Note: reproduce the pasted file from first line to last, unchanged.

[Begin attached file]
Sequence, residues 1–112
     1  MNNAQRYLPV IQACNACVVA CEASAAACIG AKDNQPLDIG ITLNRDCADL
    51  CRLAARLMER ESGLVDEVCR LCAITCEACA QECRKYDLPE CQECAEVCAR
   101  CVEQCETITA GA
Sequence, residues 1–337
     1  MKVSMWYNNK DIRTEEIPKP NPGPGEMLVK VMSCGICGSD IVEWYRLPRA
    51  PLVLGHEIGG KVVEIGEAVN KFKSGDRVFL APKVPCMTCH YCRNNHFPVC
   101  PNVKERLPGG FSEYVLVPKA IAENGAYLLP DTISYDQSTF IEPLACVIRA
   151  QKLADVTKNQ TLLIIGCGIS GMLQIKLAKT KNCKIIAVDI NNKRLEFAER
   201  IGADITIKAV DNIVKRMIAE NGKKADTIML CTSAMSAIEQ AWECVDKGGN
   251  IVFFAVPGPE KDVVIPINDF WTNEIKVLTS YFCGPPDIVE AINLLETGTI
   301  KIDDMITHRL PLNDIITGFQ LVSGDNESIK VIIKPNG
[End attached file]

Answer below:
Sequence, residues 1–112
     1  MNNAQRYLPV IQACNACVVA CEASAAACIG AKDNQPLDIG ITLNRDCADL
    51  CRLAARLMER ESGLVDEVCR LCAITCEACA QECRKYDLPE CQECAEVCAR
   101  CVEQCETITA GA
Sequence, residues 1–337
     1  MKVSMWYNNK DIRTEEIPKP NPGPGEMLVK VMSCGICGSD IVEWYRLPRA
    51  PLVLGHEIGG KVVEIGEAVN KFKSGDRVFL APKVPCMTCH YCRNNHFPVC
   101  PNVKERLPGG FSEYVLVPKA IAENGAYLLP DTISYDQSTF IEPLACVIRA
   151  QKLADVTKNQ TLLIIGCGIS GMLQIKLAKT KNCKIIAVDI NNKRLEFAER
   201  IGADITIKAV DNIVKRMIAE NGKKADTIML CTSAMSAIEQ AWECVDKGGN
   251  IVFFAVPGPE KDVVIPINDF WTNEIKVLTS YFCGPPDIVE AINLLETGTI
   301  KIDDMITHRL PLNDIITGFQ LVSGDNESIK VIIKPNG